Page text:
10. Chrissie

    High-ISO and the a9

    The first time I shot at high ISO (3200) in bright daylight was unintentional, on January 1st, when I had forgotten to set ISO back to normal after trying some fireworks shots the night before. Once I've had such a lucky shot, I became more relaxed about playing with higher ISO values. Now I have the ISO mostly set to "Auto", because I "trust" the camera in this regard.
  11. Chrissie

    Sony Alpha 9 slowing down issue

    First of all, on my a9 I never experienced anything like this either. Then, on the other hand, I used to work in 2nd level support with customers. One of the most frequent things you'll ever hear in this context is: "I didn't change ANYTHING, but all of a sudden ...". More often than not, this boils down to: the customer DID change something, but did not realize this was significant. That's why he couldn't report on it. That said, and no offense intended: AlexClass may have changed something and was not aware of its significance. I would take such statements always with a grain of salt. One of the first things which comes to my mind would be something in the realm of WiFi connections now enabled, and leaving the camera searching for a configured access point or something like that. Just guessing. And good luck. Would be nice if you keep us posted on what actually fixed your issue.
  12. In such cases I always propose to employ the same method you used to find this forum: Use your favorite search engine and enter the following search terms:" Sony a7 iii user manual". This will lead you to this online, searchable user manual for your camera, where you can enter "mode dial" to refine your search, and you'll end up here. On a completely unrelated note, it's away a good idea to not dump one's frustration on innocent bystanders, whom you expect to help you out. - my pleasure -
  13. Maybe a little off-topic, but only a little, and this particular quote of yours triggered me, so here goes my story: My wife occasionally wants to take pictures, too. But seeing me struggling with the intricacies of my a9 she decided, that she didn't want to take on the steep learning curve that's required to master the A9. Besides, she sees my worries regarding dirt/dust on the sensor due to frequent lens changes. So I decided to buy her a "travel camera", all-in-one, hassle-free, no lens-change, with a gigantic zoom-range on top: the Nikon Coolpix P900. (83x zoom range "equiv" 24-2000mm). That's right, folks, 2000mm!!! I mail-ordered it, based on reviews which my wife had pointed me to, and it turned out to be a huge disappointment, at least at the far end of the focal range. I'll spare you the sample images if I may. Plastics casing, a real cheap look and feel on top.Plus lousy image quality at the far end of the touted focal range, tiny view-finder, just awful. My take from this is: Do not mail-order a camera which you have never held in your hands before, just based on reviews. Go/Drive to a dealer who will let you try it out in his store and outside, in front of it. See how looks, feel how feels. Then decide, if you like it. Reading your initial intro into to this thread, I'm now seriously considering going your way for my wife, too. (Selling the Nikon and spending a good grand on top). Disclaimer: in this ranking (German, sorry), the mentioned Nikon Coolpix P900 comes in at 29th place of 58 cameras tested, with the Sony RX10 mark4 coming in at 1st place. To be fair, the Nikon is a whole different price range, at approx. 1/4th of the price of the Sony. But then again, what good is a cheap camera if you hate its pictures? Sorry it took me so long, and thanks for your patience.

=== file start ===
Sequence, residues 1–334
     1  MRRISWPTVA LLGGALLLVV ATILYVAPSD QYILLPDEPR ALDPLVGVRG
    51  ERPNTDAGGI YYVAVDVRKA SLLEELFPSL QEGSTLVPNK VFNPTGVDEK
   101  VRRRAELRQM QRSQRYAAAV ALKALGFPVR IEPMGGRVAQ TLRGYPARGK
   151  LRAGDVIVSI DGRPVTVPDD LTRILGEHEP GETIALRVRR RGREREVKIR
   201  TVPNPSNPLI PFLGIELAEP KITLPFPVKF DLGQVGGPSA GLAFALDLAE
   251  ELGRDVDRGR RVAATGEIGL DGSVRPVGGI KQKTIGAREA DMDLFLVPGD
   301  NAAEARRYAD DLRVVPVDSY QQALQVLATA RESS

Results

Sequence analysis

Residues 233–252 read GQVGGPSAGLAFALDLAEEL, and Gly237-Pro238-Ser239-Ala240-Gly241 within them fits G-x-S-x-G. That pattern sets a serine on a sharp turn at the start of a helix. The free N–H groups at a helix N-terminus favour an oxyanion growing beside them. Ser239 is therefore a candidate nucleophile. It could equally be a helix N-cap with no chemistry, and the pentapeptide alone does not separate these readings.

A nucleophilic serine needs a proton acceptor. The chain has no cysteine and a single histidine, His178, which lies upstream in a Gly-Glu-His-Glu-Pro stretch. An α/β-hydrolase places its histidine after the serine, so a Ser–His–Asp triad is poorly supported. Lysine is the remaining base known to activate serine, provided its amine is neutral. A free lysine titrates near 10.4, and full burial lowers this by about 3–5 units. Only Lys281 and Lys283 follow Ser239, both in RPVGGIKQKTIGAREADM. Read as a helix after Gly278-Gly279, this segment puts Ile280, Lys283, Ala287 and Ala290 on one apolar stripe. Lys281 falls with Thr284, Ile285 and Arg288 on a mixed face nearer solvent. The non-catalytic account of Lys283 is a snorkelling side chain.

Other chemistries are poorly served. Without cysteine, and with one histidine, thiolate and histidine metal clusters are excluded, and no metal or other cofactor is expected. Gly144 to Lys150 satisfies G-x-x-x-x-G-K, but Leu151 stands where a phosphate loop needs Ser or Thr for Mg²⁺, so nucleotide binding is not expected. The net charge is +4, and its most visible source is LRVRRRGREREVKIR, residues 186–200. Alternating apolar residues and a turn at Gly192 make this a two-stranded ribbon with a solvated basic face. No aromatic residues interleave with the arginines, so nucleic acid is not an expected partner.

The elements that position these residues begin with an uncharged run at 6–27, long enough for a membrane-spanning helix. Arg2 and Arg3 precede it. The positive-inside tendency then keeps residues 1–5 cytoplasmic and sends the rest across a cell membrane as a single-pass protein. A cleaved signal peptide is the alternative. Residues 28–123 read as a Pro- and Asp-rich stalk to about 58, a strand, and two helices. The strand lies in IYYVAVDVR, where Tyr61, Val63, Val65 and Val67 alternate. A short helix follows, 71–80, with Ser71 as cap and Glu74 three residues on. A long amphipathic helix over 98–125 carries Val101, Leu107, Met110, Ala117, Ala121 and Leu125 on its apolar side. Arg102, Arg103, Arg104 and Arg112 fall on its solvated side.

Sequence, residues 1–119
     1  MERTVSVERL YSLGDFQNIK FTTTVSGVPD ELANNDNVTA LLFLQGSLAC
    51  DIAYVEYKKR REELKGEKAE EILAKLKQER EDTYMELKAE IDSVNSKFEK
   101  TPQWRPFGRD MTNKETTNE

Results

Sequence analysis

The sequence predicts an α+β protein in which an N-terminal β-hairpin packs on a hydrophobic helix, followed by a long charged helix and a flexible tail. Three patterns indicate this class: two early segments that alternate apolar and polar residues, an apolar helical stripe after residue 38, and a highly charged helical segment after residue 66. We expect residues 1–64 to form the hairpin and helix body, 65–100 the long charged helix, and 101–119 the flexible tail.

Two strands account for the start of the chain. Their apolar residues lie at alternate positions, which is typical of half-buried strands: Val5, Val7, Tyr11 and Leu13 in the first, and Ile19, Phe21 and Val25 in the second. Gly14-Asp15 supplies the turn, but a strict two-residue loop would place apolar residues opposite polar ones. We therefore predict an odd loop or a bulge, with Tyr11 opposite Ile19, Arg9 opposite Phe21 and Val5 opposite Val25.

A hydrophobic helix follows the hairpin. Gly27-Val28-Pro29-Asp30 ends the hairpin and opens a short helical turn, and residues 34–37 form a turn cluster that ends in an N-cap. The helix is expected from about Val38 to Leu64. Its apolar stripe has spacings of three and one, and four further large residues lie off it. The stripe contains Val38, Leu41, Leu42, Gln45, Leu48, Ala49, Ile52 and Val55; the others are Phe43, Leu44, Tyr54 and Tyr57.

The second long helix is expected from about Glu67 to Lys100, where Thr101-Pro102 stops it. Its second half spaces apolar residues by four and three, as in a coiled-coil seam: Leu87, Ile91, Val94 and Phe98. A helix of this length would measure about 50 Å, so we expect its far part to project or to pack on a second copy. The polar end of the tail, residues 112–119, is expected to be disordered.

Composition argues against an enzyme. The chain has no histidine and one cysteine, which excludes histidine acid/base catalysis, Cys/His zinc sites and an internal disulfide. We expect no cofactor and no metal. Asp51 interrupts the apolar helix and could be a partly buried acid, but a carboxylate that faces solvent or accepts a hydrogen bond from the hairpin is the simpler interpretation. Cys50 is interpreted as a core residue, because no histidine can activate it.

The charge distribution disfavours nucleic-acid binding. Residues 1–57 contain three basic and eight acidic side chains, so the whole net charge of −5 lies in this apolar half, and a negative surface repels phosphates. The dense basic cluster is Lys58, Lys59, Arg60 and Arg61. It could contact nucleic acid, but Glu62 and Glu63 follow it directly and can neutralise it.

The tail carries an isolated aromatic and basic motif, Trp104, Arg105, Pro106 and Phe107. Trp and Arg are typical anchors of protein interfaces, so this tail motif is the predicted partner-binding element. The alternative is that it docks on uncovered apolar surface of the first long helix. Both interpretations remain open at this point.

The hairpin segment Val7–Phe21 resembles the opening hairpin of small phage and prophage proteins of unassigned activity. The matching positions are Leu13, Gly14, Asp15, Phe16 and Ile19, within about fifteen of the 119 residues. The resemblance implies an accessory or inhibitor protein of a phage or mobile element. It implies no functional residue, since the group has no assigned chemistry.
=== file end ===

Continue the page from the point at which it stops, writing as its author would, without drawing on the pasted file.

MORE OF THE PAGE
14. Chrissie

    Moody sky and trees

    My naïve approach would be, to turn the color saturation slider towards zero. (?) And then maybe play with the "light" adjustment, to differentiate the bright parts, i.e. clouds.
  15. Chrissie


    Iansky, I am certainly very anxious to hear about your results, because for me, BIF is still something like the "holy grail" of continuous AF. Which I'm still struggling at, even with the much touted 100-400GM ...